Italian version here.
In the last few years we have seen a remarkable increase in the number of female riders competing alongside men at national or international level. Moreover, many of them have proven that they can not only score points or top-10 results, but even get to the podium or win. Apart from Ana Carrasco, we have examples like Yvonne Cerpa, Roberta Ponziani, Beatriz Neila and Kayla Yaakov, plus many others.
However, being able to win a race, score another podium and finish sixth in the championship straight after a three-year break is something special. And, well, that’s what Sarah Göpfert did this year in German/Dutch Yamaha R3 bLU cRU Cup.
The rider from Saxony aimed at first for point finishes, but then she ended up providing one of the most captivating stories we saw in 2021, besides focusing on her studies in Value Chain Management and writing for famous online magazine Speedweek.
Palmen in Motorradsport interviewed Sarah to talk about her astonishing 2021 campaign, and also to know more about her in general.
Sarah, an incredible and important season has come to an end for you. How do you feel about it?
Overall I’m pretty satisfied about how my season went considering I had three years without riding a motorcycle before. Unfortunately in Spielberg I was a bit unlucky, because in the second race I collided with another rider and went down, which cost me valuable championship points, but in the end I must be happy to finish sixth and as third best German rider.
In Schleiz, your third race since your return finished with an amazing victory. Could you tell more about that race? How did you feel right after crossing the finish line?
Honestly at first I didn´t realize that I crossed the line in first place. I knew that I was on the podium, for which I was really happy but when they told me that I won I barely could believe it and it felt like in a movie scene – just amazing. The race itself was great fun, we were battling and overtaking each other in every corner, so it’s one of my best memories of the season.
You recently had the chance to attend the bLU cRU Masterclass in Spain. How important was that experience for you?
It was a once-in-a-lifetime experience. I’m so grateful to Yamaha Germany that they gave me this chance to be with the best R3 riders in Europe. As a rider I could develop my skills in these two days a lot, because we had Niccolò Canepa, Andrea Locatelli and Sandro Cortese as riding coaches and they gave us valuable tips. I also got connected to the European Yamaha family, which was also important regarding next year.
Let’s talk now about your career so far. Could you describe your first seasons?
I started racing when I was 8 years old, back in 2006, on a pocket bike. I raced on pocket bikes until 2012 and then I switched to minibikes, but until 2015 it was just real hobby to me, without any big competition. In 2016 and 2017 I competed in the ADAC Junior Cup, which was a bit more professional and everyone was on the same bike, so there was great competition. This first “phase” of my racing path was just more fun and I didn’t really have the ambition to go forward, not at least because of the lack of money.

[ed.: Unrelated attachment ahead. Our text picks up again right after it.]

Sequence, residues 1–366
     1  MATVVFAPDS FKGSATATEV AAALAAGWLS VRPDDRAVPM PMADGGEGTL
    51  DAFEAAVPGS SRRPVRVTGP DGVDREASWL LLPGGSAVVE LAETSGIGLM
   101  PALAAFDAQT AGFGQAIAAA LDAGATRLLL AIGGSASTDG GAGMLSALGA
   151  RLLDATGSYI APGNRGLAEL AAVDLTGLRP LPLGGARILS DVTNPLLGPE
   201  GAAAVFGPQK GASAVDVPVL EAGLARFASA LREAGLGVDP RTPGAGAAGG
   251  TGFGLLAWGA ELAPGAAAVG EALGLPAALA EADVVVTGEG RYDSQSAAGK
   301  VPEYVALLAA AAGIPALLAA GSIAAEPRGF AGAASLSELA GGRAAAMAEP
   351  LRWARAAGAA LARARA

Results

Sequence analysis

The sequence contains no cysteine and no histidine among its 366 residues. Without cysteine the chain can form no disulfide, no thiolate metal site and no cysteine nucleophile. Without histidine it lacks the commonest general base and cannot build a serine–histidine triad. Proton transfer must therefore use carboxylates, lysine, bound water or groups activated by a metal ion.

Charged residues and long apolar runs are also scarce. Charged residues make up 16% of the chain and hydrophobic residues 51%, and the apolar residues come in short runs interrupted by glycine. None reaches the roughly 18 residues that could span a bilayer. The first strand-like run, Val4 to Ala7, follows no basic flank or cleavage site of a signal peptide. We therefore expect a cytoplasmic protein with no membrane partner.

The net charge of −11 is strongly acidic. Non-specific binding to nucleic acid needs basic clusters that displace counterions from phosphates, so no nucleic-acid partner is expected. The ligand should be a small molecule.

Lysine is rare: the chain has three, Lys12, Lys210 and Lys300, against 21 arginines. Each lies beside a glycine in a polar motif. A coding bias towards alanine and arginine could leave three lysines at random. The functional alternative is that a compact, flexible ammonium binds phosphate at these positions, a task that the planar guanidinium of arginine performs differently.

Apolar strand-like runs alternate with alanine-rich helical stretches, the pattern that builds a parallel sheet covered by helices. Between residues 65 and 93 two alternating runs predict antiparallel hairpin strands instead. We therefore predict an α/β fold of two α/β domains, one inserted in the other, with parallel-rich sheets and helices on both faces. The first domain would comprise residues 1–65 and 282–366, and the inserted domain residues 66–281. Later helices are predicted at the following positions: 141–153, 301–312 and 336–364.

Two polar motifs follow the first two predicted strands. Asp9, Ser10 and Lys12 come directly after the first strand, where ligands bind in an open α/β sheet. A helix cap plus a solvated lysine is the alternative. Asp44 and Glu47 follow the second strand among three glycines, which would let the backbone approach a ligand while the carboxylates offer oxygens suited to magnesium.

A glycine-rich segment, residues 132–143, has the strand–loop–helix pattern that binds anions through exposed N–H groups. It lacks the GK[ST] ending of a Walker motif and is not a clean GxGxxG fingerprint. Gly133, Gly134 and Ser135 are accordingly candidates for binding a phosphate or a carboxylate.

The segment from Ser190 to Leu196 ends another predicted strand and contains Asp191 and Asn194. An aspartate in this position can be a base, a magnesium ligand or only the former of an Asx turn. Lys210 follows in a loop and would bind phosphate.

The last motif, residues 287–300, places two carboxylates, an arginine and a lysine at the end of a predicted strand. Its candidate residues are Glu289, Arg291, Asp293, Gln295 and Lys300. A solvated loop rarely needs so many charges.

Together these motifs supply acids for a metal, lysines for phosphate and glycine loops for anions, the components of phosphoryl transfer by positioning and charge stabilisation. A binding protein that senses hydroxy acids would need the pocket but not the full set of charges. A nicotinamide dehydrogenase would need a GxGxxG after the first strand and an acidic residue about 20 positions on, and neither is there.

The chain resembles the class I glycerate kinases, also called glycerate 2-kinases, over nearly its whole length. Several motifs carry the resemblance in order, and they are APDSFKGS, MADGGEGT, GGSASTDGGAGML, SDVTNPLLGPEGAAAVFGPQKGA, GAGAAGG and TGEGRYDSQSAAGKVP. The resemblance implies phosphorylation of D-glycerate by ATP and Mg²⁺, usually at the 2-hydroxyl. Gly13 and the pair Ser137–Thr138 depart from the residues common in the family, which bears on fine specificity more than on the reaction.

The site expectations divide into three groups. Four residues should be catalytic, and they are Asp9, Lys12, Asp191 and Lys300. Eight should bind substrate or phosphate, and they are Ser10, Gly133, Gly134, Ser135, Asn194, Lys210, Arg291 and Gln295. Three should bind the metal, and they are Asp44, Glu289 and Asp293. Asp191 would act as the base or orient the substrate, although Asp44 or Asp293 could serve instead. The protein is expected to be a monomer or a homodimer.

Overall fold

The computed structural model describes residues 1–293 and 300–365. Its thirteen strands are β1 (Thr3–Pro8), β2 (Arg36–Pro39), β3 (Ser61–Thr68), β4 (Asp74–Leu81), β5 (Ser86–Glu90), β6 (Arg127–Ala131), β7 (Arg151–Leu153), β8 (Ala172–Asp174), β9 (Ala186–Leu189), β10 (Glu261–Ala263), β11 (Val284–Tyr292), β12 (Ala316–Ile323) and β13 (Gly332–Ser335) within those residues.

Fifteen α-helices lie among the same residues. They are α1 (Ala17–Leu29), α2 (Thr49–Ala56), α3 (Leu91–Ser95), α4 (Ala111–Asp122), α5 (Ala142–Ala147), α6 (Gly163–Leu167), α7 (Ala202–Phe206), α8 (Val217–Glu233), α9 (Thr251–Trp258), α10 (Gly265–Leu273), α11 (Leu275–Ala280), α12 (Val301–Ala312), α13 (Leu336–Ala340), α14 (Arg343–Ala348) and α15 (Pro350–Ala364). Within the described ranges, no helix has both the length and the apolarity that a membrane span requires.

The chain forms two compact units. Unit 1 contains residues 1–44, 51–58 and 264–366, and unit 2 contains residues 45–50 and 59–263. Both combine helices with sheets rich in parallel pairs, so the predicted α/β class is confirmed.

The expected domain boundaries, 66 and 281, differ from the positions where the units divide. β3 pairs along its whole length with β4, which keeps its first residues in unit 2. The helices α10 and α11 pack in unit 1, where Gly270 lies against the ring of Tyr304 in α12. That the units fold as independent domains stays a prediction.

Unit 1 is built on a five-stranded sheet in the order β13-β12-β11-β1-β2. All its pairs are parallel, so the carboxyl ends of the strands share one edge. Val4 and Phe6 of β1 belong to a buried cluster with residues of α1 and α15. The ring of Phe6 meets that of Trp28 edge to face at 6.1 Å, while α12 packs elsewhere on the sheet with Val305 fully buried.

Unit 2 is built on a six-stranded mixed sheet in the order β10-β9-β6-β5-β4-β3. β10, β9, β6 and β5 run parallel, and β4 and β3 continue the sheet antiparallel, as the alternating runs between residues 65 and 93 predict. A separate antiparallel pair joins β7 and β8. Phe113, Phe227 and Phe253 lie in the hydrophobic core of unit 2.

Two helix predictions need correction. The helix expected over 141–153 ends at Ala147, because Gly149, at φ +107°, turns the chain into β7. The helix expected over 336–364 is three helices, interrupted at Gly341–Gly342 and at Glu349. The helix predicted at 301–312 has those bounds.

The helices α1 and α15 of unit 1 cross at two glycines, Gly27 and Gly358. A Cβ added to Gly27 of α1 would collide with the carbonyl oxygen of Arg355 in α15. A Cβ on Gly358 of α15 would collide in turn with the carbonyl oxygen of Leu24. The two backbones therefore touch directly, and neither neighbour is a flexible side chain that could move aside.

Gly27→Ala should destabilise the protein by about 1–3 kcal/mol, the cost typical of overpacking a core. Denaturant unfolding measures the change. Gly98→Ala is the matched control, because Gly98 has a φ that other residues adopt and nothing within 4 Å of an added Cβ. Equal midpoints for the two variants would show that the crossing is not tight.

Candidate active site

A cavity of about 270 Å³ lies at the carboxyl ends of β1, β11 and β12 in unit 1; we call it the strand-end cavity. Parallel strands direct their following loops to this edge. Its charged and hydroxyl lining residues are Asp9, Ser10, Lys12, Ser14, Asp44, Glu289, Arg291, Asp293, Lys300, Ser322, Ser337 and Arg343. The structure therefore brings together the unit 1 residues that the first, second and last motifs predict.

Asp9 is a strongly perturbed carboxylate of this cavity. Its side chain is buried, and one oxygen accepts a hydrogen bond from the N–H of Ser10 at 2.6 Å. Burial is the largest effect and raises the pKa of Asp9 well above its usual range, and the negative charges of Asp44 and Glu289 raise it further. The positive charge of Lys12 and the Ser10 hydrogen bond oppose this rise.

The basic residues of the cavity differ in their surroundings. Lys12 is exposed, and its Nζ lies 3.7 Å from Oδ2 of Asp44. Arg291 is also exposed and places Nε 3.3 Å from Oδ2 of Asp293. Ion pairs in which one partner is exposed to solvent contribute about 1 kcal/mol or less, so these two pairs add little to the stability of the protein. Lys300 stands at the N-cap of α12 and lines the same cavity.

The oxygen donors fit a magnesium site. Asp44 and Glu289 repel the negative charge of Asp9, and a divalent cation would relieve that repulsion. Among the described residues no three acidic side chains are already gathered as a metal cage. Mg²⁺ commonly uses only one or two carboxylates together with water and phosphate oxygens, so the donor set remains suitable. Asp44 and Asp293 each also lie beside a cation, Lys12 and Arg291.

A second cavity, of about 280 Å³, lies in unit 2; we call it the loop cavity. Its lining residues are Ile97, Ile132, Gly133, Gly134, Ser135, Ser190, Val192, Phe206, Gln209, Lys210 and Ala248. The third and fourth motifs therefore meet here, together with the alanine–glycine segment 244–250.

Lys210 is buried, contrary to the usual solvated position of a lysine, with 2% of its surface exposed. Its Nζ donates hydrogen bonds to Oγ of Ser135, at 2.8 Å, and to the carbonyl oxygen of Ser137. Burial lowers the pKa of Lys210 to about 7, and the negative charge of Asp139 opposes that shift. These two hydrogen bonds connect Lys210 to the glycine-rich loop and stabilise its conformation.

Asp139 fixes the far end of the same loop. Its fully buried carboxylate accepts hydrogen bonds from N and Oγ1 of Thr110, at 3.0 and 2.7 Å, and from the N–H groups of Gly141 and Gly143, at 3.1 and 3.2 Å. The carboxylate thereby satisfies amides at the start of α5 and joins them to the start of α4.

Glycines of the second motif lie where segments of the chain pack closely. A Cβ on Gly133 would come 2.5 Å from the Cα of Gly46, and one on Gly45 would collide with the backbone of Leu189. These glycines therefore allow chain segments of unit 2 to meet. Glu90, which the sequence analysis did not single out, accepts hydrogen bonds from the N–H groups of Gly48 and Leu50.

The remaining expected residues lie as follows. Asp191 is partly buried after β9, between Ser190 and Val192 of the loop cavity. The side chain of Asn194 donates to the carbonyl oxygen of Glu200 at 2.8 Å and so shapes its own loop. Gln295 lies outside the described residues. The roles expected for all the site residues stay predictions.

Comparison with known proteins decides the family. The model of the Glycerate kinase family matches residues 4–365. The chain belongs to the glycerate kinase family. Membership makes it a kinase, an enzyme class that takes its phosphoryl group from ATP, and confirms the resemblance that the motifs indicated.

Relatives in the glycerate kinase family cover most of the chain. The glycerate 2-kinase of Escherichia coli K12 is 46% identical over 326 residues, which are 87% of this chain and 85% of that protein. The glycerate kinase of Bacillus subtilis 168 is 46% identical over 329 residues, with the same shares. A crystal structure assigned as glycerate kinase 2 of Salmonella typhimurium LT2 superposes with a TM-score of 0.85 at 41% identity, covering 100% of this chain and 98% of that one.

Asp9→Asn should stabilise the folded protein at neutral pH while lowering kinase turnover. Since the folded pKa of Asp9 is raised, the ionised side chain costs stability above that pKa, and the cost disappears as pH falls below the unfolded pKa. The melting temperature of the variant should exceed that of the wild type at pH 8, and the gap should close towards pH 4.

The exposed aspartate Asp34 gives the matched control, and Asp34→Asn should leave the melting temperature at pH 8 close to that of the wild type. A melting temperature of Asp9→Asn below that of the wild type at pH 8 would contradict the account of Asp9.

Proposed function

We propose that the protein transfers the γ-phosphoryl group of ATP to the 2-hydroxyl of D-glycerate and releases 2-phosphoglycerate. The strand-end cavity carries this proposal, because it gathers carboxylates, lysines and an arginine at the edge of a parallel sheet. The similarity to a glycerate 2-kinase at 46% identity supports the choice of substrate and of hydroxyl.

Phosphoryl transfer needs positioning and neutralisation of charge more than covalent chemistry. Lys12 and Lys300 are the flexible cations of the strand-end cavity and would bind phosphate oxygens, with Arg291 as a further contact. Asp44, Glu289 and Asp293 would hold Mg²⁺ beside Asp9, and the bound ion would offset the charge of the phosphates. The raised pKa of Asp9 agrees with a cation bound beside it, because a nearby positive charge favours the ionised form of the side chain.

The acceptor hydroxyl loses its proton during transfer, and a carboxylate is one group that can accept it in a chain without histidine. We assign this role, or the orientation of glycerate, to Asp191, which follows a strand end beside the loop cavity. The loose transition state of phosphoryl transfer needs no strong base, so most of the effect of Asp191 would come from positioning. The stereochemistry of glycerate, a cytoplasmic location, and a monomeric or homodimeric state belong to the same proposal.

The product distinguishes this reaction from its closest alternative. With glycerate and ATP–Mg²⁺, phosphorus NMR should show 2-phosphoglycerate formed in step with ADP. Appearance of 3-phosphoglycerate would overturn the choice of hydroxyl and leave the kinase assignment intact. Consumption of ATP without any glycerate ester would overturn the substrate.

After 2017 you took a three-year break from racing. Could you please explain the reasons behind such pause?
I had to concentrate on my Bachelor degree and additionally I wanted to see a life beyond the race track to develop as a person. But soon I recognised that for me the only way to feel really alive is being on the racetrack and to race.
What made you decide to return this year? And how did you change in comparison with 2017?
I often thought about coming back to racing because it was the only thing that made me REALLY happy. I think compared to 2017 I have grown so much as a rider and my riding skills have developed a lot, even without riding a motorcycle in these 3 years. In my approach to racing I became more mature and I think that`s the key point why I was so strong this season. I was more durable mentally, which helped to fight against the other guys.
Besides racing, you continue studying and you also write for Speedweek. Could you tell more about your experience with them so far and what you normally write about?
For me, writing for Speedweek.com ist a great opportunity to combine my passion for writing with the sport I love. Usually I write about MotoGP, Moto2 and Moto3 but once in a time I also write about my races or IDM.
Studies, racing, writing articles…For sure, you rarely get bored! What about your spare time?
That´s true! But when I got free time I train a lot (Fitness, Running, Cycling) to be fit on the bike. Furthermore, I do usual things like meeting friends or going on a hike in the mountains. Also I really enjoy go-karting…I’m nearly better on four wheels than on two (laughs, e.d.), I also love the beach and the sea, but due to Covid19 I havent been there for a long time.
In conclusion, if you could choose among racing, journalism or a career having to do with your studies, what would you pick?
You have to be realistic. I´m 24 years old now and so for a racing career I’m already much too old, but I hope to enjoy riding as long as possible and to come as far as possible. As a career perspective for me it´s really important to stay in the paddock, no matter whether as a journalist or in the marketing/management direction which would suit to my studies.
Palmen in Motorradsport is thankful to Sarah for her availability and wishes her the best for the future steps of her career, both in and outside motorcycle racing.